I was shocked out of my complacency with that email. There's no turning back. 

Another side to the situation also became perfectly clear in my grief. Although we began this journey with a sincere desire to follow God's leading to do whatever it took to save the lives of these little ones and make Him known, somewhere along the line, my own selfishness creeped in. I'm not sure why I was finds its way in every other crevice of my life...but I was jarred into the realization that a good part of my sorrow was that I wanted to be her mom...for my own joy. That, of course, is not necessarily a bad's just not even close to the main thing. Somehow I had drifted from that. 

The most heart-breaking realization for me, however, was that I had not my entire life...pleaded with the Lord for anything with such desperation and humility...with such utter dependance on His grace and compassion and power...with such complete abandon that only He could accomplish the work...with such focus that the distractions of the day seemed to be non-existent. Never. Why is it that it often takes intense sorrow and tragedy to drive us to our knees before our King? Because He's not really our King at all. We sit on the throne of our lives. At least I do.

Looks like I need to listen to the Spirit's prompting more often. I needed that.

Confession #4...Yes/No?...And/But?...If/When?...You got it.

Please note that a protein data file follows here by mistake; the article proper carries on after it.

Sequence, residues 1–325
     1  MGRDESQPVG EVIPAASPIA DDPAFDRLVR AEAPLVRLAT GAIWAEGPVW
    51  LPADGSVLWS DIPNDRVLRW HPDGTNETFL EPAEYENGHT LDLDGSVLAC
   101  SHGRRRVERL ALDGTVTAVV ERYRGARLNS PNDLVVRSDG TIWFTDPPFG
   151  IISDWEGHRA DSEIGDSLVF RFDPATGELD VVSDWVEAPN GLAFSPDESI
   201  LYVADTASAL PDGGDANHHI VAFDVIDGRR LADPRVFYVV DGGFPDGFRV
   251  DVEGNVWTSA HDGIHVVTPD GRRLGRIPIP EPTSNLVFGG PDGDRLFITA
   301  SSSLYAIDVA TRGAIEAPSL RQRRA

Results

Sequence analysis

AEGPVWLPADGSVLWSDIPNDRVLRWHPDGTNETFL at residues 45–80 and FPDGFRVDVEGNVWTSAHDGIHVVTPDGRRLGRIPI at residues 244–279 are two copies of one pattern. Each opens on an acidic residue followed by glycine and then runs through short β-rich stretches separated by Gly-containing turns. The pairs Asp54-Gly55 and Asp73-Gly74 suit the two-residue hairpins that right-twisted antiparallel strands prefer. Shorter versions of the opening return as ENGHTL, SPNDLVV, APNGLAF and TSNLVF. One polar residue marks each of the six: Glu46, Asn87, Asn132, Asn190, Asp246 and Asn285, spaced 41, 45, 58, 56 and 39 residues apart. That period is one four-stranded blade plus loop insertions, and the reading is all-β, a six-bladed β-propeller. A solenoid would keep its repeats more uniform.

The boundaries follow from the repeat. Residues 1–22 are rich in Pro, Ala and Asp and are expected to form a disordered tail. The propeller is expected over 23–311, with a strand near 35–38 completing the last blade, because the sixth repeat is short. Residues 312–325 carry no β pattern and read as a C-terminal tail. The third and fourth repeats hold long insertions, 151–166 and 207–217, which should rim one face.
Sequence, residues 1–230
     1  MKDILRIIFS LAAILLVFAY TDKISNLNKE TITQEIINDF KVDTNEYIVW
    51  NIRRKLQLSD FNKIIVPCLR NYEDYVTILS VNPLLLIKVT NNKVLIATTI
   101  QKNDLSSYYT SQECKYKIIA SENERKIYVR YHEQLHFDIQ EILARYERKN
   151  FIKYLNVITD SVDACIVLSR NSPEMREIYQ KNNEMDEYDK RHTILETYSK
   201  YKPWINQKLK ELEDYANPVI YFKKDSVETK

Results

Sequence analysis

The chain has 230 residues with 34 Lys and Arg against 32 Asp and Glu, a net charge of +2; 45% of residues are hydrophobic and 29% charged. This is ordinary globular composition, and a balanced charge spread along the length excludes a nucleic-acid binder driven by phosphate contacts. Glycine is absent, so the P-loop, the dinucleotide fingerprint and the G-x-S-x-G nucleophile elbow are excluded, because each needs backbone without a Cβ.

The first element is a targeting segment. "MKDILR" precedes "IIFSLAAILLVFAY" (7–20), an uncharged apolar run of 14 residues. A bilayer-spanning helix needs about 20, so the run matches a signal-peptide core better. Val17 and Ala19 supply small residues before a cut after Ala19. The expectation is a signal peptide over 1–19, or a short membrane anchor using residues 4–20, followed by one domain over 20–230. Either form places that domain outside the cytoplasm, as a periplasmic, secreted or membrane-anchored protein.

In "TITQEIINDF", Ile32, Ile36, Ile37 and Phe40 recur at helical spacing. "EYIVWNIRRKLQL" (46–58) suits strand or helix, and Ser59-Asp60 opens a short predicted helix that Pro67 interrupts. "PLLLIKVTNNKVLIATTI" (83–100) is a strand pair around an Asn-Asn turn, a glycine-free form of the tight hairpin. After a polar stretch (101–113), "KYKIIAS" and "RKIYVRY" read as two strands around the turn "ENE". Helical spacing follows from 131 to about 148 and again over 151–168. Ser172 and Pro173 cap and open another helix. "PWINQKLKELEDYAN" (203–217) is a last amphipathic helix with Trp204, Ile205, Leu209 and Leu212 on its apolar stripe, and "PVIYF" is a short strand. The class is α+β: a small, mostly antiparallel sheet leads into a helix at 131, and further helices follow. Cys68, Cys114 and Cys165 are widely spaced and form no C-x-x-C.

I'd originally planned to throw one of these nuggets at you daily, but I'm finding the need to decompress for several days after each one. That whole bare-your-soul thing takes a lot out of you. Now you know.

Regardless, here we are with our next installment which we can, and hereafter, refer to as the bipolar aspect of the grieving parent. Please don't get offended. I'm really not trying to be comical and definitely not trying to mock people that struggle with this imbalance. I can honestly tell you I've searched the dark recesses of my mind...yes, it's pretty dark in there, I admit...and I can think of no better description than that.  So that's my story, and I'm sticking to it.

I want to plant this thought in your brain but then basically leave you to ponder on the complete ramifications.  There seems to be an unending supply of frustration, both for the griever and the one trying to support and encourage them.  Examples will help explain better than definitions.

There are days/moments when I'm not thinking about Zoe and her death.  There are subsequent moments/days when I think of little else. More frequently, these moments bounce back and forth at a rapid rate in any given 24 hr period.  Here are some examples of my "illness."

Some days I cry a great deal.  Other days I feel as if I'll never be able to shed another tear.

I love to talk about Zoe.  It pains me a great deal to talk about Zoe.

I want you to remember and talk about Zoe.  It's difficult for me to hear people talk about Zoe that didn't know her well.  

I want to get out of the house. Getting out of the house feels like terrorist-level torture.

It's refreshing and reenergizing to shower and get ready for the day. Other days...or weeks..."Do I owe a brush? What's toothpaste for again?"

I want to get back in shape and healthy after eating strictly junk food for 3 months. I want to eat every sweet I can get my hands on. If it's got peanut butter, I'll eat it twice and then go bathe in chips and salsa.